As the health crisis deepens, some of Montreal’s homeless population will be vaccinated against the novel coronavirus.
Dr. Mylène Drouin, the city’s public health director, announced the measure during an update Wednesday on the progressing second wave amid rising COVID-19 cases among those who live on the streets.
There have been 172 cases since the beginning of December 2020 among homeless Montrealers and the workers who help them, she said. There are currently eight active outbreaks and an epidemiological investigation is underway.
“These outbreaks are difficult to control,” she said.
When it comes to vaccination, Drouin didn’t provide an exact number but said doses will be given to a “small group” of homeless people starting this week.
“At this time, with the small number of doses we have to use them cautiously,” she said.
As part of the plan, the city’s public health department is also ramping up screening efforts among the homeless population to curb the spread of the virus.
Quebec’s vaccination campaign has been centred on two priority groups: residents in long-term care homes and the health-care workers on the front lines of the pandemic.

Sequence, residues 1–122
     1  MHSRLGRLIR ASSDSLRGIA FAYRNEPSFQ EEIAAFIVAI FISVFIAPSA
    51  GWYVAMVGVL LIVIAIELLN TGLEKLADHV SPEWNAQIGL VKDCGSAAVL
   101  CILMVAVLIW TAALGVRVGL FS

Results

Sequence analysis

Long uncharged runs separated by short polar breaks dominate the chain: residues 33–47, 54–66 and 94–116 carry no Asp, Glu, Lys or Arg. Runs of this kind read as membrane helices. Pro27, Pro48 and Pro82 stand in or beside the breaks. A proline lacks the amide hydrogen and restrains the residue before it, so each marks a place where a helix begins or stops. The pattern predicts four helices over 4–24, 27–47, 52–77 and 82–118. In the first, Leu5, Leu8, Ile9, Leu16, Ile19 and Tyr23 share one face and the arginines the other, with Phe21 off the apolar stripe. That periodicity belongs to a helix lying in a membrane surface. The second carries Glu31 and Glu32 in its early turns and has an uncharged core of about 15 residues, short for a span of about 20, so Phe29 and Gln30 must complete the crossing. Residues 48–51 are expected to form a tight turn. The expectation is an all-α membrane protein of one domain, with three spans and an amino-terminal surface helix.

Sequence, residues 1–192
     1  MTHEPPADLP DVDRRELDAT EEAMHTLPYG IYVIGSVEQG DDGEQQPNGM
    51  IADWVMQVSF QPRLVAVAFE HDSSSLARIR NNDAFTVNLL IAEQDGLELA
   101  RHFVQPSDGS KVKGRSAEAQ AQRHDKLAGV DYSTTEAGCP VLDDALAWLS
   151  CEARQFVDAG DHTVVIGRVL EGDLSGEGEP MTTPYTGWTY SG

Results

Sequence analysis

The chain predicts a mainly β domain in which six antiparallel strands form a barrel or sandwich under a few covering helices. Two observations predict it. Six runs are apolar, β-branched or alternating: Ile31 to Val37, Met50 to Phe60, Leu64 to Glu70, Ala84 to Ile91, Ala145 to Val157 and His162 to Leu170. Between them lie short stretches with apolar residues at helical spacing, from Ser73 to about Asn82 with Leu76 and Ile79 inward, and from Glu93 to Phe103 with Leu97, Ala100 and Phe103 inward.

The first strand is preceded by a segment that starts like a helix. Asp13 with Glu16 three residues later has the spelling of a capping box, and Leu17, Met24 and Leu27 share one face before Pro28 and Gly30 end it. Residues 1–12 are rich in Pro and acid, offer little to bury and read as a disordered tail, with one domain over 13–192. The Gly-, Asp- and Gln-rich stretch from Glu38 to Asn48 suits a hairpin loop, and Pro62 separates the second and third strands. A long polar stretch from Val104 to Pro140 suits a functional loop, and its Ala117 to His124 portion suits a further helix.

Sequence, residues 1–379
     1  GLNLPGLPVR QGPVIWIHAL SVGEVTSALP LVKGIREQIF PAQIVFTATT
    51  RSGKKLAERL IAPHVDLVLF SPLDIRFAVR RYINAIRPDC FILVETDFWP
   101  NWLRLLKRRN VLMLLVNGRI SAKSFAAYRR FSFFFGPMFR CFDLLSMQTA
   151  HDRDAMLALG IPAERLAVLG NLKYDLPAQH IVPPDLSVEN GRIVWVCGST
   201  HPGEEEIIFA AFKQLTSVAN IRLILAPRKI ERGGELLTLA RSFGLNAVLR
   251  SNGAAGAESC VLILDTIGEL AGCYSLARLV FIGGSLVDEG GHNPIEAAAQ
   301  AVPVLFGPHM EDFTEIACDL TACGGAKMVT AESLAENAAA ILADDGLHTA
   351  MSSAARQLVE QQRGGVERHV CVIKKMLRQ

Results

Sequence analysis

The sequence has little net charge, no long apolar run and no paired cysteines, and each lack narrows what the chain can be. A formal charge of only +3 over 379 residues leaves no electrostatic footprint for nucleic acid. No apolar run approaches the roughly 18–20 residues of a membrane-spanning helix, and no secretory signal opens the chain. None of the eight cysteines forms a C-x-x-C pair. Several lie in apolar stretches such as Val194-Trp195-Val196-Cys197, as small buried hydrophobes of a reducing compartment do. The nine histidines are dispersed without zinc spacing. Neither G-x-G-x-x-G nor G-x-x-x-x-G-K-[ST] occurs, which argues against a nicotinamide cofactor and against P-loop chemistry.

But four major organizations devoted to fighting homelessness in Montreal issued a plea this week to secure doses for people who live on the street and the workers who assist them.
The Old Brewery Mission, Welcome Hall Mission, Maison du Père and Accueil Bonneau have called on the province and protect the homeless. Their clients are at greater risk of contracting COVID-19 because shelters are packed and some individuals already suffer from complex medical issues, according to the group.
James Hughes, president and CEO of the Old Brewery Mission, told Global News on Tuesday that vaccination is crucial to preventing the spread of the virus and increasing the capacity of shelters through winter.
Montreal Mayor Valérie Plante addressed concerns about the province’s nightly curfew, which bars Quebecers from leaving their homes from 8 p.m. to 5 a.m. until Feb. 8.
The measure, which was introduced over the weekend, is part of Quebec’s restrictions to limit the spread of the virus. But it has raised concerns on how the curfew will be enforced when it comes to those who are homeless.
Plante said police officers “are quite aware of the complexity of what it means of being on the street.” They need, she added, to exercise “tolerance and humanity.”
“The curfew is not there to make people more vulnerable more than they already are,” she said.
Montreal police said Monday they stopped 122 homeless people in relation to the curfew, but only gave one ticket during an arrest that was related to drugs.
— With files from Global News’ Dan SpectorView link »